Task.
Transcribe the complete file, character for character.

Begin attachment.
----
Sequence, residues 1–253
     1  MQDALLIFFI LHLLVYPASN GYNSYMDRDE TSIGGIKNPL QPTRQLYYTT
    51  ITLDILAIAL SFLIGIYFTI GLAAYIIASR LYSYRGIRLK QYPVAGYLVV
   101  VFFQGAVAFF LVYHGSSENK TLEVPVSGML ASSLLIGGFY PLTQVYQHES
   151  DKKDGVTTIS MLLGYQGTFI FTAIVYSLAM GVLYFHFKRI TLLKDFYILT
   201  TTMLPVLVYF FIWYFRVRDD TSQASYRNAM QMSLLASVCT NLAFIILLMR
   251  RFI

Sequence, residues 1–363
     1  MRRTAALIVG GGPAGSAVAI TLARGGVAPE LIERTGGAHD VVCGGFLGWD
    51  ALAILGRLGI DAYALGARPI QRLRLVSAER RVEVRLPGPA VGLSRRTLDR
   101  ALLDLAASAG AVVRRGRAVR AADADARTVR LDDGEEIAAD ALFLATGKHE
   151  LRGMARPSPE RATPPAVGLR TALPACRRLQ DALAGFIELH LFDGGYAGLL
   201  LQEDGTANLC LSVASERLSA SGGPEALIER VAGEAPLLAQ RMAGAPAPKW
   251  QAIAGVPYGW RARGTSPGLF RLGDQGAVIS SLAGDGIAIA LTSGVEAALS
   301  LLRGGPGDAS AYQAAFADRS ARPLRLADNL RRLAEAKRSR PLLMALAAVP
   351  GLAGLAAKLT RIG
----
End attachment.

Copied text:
Sequence, residues 1–253
     1  MQDALLIFFI LHLLVYPASN GYNSYMDRDE TSIGGIKNPL QPTRQLYYTT
    51  ITLDILAIAL SFLIGIYFTI GLAAYIIASR LYSYRGIRLK QYPVAGYLVV
   101  VFFQGAVAFF LVYHGSSENK TLEVPVSGML ASSLLIGGFY PLTQVYQHES
   151  DKKDGVTTIS MLLGYQGTFI FTAIVYSLAM GVLYFHFKRI TLLKDFYILT
   201  TTMLPVLVYF FIWYFRVRDD TSQASYRNAM QMSLLASVCT NLAFIILLMR
   251  RFI

Sequence, residues 1–363
     1  MRRTAALIVG GGPAGSAVAI TLARGGVAPE LIERTGGAHD VVCGGFLGWD
    51  ALAILGRLGI DAYALGARPI QRLRLVSAER RVEVRLPGPA VGLSRRTLDR
   101  ALLDLAASAG AVVRRGRAVR AADADARTVR LDDGEEIAAD ALFLATGKHE
   151  LRGMARPSPE RATPPAVGLR TALPACRRLQ DALAGFIELH LFDGGYAGLL
   201  LQEDGTANLC LSVASERLSA SGGPEALIER VAGEAPLLAQ RMAGAPAPKW
   251  QAIAGVPYGW RARGTSPGLF RLGDQGAVIS SLAGDGIAIA LTSGVEAALS
   301  LLRGGPGDAS AYQAAFADRS ARPLRLADNL RRLAEAKRSR PLLMALAAVP
   351  GLAGLAAKLT RIG